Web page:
Today’s seven swans a swimming challenge is to calculate one of the most useful KPIs for a business, your cash conversion cycle.
This is the number of days (or weeks) it takes for £1 spent by the business to be returned in cash or the length of time the business owner has to ‘invest’ in the business before a cash return is made.
For a business that sells on credit and holds stock, the cash conversion cycle is the sum of the number of days there are in debtors (before a customer pays) plus the number of days stock is held, LESS the number of days required to pay creditors (before suppliers are paid).
Consider this example: A business buys raw materials for £1 on 30 days credit from a supplier and pays in 35 days. The materials are used to manufacture goods which are placed in stock. 65 days later the goods are sold on credit and the customer takes 45 days to pay.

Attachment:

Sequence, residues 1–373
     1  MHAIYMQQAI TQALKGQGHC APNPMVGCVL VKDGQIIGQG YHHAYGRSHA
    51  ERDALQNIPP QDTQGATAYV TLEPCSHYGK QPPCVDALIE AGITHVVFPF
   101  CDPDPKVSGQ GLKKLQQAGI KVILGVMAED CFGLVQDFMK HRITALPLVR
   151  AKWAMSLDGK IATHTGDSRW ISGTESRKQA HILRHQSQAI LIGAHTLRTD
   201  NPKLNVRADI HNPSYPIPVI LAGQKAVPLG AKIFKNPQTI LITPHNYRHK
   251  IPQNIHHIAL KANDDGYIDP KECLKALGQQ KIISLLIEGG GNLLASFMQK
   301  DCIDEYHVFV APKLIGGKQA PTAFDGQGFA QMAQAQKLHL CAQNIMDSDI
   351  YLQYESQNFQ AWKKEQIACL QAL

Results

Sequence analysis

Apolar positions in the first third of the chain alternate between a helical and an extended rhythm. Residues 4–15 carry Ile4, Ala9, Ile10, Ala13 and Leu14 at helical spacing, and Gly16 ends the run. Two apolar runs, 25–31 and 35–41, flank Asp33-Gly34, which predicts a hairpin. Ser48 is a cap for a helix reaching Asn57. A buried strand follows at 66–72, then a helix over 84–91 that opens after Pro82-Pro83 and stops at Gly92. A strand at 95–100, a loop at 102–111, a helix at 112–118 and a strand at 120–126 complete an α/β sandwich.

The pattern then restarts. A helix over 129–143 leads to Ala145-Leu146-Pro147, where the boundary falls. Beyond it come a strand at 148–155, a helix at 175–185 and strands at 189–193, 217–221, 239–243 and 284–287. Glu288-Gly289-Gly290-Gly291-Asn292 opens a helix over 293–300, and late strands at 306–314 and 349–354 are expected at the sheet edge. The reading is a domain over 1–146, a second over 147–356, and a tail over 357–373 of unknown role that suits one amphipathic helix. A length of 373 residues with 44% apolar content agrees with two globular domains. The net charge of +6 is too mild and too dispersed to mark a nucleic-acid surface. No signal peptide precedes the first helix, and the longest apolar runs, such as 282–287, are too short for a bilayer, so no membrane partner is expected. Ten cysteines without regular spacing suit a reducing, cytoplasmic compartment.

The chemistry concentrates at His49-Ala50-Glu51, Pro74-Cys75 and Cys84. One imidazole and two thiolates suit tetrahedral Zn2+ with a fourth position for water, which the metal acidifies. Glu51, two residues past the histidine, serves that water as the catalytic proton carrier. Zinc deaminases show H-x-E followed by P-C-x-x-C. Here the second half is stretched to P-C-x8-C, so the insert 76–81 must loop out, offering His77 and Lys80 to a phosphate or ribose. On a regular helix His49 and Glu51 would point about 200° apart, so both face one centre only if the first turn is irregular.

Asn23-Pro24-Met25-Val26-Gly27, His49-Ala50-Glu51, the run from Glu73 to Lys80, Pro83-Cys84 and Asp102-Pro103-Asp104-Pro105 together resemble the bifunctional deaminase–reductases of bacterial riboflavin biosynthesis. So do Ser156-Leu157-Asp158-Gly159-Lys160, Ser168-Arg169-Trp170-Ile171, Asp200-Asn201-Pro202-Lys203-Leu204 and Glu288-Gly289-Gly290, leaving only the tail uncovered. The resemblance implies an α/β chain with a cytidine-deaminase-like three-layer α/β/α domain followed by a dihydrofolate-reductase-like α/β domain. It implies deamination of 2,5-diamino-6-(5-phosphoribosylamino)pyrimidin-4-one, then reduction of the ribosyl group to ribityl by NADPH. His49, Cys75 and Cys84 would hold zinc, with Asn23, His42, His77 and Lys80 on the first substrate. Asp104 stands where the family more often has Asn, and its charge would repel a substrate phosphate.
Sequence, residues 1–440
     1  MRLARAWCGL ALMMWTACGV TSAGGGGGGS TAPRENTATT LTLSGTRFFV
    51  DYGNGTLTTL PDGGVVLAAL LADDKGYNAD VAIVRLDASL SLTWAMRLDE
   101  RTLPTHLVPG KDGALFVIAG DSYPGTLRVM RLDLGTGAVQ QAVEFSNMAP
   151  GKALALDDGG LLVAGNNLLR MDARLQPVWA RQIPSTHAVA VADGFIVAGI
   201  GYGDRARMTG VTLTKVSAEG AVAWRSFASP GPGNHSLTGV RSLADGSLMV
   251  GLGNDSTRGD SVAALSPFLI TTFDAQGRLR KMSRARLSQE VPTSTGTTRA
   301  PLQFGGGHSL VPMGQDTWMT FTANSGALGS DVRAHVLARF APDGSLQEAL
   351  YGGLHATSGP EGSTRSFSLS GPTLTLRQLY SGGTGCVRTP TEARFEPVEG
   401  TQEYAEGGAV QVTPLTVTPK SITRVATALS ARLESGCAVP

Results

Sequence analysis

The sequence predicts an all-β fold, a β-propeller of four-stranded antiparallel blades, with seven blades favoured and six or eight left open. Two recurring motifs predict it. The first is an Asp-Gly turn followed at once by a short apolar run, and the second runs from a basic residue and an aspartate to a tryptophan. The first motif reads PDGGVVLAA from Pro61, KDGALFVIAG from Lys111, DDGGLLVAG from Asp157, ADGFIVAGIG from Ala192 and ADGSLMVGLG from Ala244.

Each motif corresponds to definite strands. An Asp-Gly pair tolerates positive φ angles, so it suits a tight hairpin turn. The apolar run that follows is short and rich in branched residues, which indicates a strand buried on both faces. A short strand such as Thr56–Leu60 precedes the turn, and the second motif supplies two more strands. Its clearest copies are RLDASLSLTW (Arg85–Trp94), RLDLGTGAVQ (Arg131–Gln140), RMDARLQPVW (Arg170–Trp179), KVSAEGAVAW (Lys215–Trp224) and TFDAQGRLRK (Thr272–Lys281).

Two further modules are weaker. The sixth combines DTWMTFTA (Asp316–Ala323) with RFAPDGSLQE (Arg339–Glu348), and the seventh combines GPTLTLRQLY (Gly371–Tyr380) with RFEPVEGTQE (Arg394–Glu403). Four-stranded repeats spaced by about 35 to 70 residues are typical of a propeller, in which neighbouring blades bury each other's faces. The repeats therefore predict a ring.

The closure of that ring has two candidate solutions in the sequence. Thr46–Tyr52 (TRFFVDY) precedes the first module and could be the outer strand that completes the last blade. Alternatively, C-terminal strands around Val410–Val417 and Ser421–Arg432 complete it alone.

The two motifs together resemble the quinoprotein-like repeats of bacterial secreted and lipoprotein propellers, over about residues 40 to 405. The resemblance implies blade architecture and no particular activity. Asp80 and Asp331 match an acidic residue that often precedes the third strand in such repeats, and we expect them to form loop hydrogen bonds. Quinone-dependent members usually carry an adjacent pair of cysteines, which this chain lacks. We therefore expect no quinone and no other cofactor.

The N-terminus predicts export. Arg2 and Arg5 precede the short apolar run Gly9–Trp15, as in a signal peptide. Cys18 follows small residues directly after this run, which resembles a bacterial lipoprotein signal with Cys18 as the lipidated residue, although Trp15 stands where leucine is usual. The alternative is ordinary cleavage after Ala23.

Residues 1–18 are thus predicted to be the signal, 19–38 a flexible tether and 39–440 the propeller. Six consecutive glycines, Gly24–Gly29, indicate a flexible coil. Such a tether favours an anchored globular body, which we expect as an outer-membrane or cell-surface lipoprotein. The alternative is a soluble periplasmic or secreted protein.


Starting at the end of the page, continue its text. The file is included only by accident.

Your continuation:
Number of days before customer pays = 45
Number of days sales held in stock = 65
Number of days before suppliers are paid = 35
Cash conversion cycle = 75 days (65+45-35)
So if annual sales are £500,000, the working capital required is £102,740 as follows: £(500,000 * 75) / 365 = £102,740.
The total of 75 days – the time it takes for the £1 to return to the business – is over ten weeks, which is more than most people realise.
Your challenge today is to calculate, using the chart above, the number of days in your cash conversion cycle.